Cinemusic: Film On A Black Planet - Warped Factor - Words in the Key of Geek.

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Cinemusic: Film On A Black Planet

Chris Morley does the right thing.

Looking back over Do The Right Thing, Spike Lee's 1989 look at racial tensions & their often awful aftermath, it becomes apparent that there is a tangible kinship between its director & the suppliers of an attendant often heard snippet of soundtrack...

...Public Enemy's Fight The Power serves as an anthemic purpose through the efforts of Radio Raheem & his boombox. The incidental score, though, is handled by Spike's father Bill, a jazz bassist.

Dad would score only his son's first four films, prior to a falling out believed to have its roots in Bill's second marriage following the death of his first wife & indeed Spike's mother. Nonetheless, the perfect foils were found in the shape of Public Enemy!

The group had its roots in the early days of hip-hop, Chuck D, the group's beating politicised heart, hosted a radio show on WBAU. He would issue a tape to promote the station called Public Enemy Number One- see where this is going? The man also known as Carlton Ridenhour would benefit from contacts at the station when its director of programming Bill Stephney moved on to Def Jam Records. Producer Rick Rubin heard the tape following a recommendation from Dr Dre. The line-up was fleshed out with Flavor Flav & production wizards the Bomb Squad.

As Rolling Stone would reflect...
"The director may have asked for an anthem for his 1989 chronicle of big-city racial tensions, but what he got was a salvo. A quarter of a century has passed since Radio Raheem's boom box served as a megaphone to a generation, spreading Public Enemy's rap reveille over and over again in the movie, but "Fight the Power" has not lost an ounce of its revolutionary power or poignancy."
Chuck D would say of the genesis of the project that,
"Spike, [producer] Bill Stephney, Hank and I had a meeting, and Spike simply said, "Hey look, I've got this movie based on all this tension going on in the New York area, the clashing neighborhoods, and I'm looking for an anthem."
All I remember was Spike was saying, "I'm looking for an anthem.""
Which was inspired by a similarly named Isley Brothers song.

Bomb Squad man Hank Shocklee found the film itself resonated with him.
"We lived in the suburbs and were sandwiched by nothing but white communities. It was like we were the leftovers: We got what the white communities didn't want to have, we got their spillovers. So we always had to kind of fight this adversity.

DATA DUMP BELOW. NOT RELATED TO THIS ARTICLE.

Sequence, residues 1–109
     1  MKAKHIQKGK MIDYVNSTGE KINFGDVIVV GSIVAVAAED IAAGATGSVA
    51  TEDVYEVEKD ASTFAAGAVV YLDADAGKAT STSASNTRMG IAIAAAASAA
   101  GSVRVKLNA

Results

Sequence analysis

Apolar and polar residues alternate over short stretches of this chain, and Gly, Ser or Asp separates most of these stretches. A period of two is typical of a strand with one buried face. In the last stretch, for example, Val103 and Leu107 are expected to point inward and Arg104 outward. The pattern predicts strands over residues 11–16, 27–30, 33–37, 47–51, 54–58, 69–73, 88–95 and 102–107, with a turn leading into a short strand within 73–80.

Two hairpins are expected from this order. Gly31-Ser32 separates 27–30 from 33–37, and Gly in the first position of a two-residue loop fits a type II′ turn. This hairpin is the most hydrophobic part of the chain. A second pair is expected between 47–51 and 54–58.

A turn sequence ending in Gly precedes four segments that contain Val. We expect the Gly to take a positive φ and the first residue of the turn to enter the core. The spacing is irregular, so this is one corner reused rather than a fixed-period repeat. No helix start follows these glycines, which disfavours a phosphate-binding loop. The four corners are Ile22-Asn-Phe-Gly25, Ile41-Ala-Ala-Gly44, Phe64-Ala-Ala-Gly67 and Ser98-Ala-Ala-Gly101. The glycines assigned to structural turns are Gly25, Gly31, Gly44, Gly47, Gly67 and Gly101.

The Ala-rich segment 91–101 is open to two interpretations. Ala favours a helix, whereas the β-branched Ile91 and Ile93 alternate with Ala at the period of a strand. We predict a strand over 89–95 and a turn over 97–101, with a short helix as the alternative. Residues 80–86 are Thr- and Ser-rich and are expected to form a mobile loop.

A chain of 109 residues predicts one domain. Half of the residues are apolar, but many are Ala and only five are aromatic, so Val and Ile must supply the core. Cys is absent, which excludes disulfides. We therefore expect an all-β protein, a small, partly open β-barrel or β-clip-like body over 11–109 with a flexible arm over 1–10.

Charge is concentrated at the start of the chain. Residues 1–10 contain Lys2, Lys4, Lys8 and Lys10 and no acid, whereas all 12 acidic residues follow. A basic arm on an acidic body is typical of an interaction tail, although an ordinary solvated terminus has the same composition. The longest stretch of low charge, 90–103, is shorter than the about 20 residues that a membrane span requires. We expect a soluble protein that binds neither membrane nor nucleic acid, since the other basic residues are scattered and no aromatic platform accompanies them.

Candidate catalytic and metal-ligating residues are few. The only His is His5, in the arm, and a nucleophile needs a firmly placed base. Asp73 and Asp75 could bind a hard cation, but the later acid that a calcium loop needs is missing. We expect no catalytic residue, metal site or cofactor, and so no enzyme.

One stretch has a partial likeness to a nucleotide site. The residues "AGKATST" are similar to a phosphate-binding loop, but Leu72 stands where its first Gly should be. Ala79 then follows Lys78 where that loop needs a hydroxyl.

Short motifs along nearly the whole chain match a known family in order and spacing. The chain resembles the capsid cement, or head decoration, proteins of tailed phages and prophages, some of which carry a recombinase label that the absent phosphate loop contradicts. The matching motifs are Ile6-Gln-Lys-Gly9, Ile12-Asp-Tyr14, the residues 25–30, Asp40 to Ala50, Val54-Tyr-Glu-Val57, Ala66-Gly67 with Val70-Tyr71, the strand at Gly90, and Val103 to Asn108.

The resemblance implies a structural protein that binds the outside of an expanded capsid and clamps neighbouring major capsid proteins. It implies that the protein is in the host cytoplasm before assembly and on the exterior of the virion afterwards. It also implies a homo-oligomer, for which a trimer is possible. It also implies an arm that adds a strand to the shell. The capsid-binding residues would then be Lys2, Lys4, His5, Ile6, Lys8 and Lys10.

We wanted to just make something that was going to say, "I'm mad as hell, I'm not gonna take it any more – I'm going to fight the system." So that song that the Isley Brothers did, "Fight the Power," resonated, but their version was a little soft. It didn't resonate as deeply as I thought it should."
And it would seem director & lyricist shared an approach. Consider the line "most of my heroes don't appear on no stamps"......
"That came from the fact that Spike also discussed how there was a wall in the movie with people we respected as heroes on it. So "Most of my heroes don't appear on no stamps," was saying, "You know what, we've got heroes on the wall, too."
A perfect fit, you may well conclude, yet Flav, the clown prince next to Chuck's politician, was as surprised as anyone by its success let alone his part in it!
"When "Fight the Power" was being created, all I did was just come in, lay down my lyrics and I was out. I didn't know that the record was going to be as big as it turned out to be. I just wanted to make a great record and keep it moving. And next thing you know, this phenomenal record was being played on the radio over and over and over. I'm like, wooow. This is crazy."
It's jazzman Branford Marsalis, who also played on it, who perhaps hits the nail on the head cinematically though.
"They had the greatest marketing tool in the world. They had a movie that people were going to see two and three times, that was going to be all over the world and it scared white people half to death — which ensured that it was going to sell."
Musically speaking, he would add that,
"It was not a normal chord progression. If it was C minor then it went to A-flat 7. It has the same sensibility as a James Brown tune, which is completely where they got it from. If you listen to when they go, "Fight the Power" and you hear that voice that goes, "Aahh," that voice is not in the same key as the other shit. A musician would never do that."
And yet they did do that, & it proved to be the right thing!

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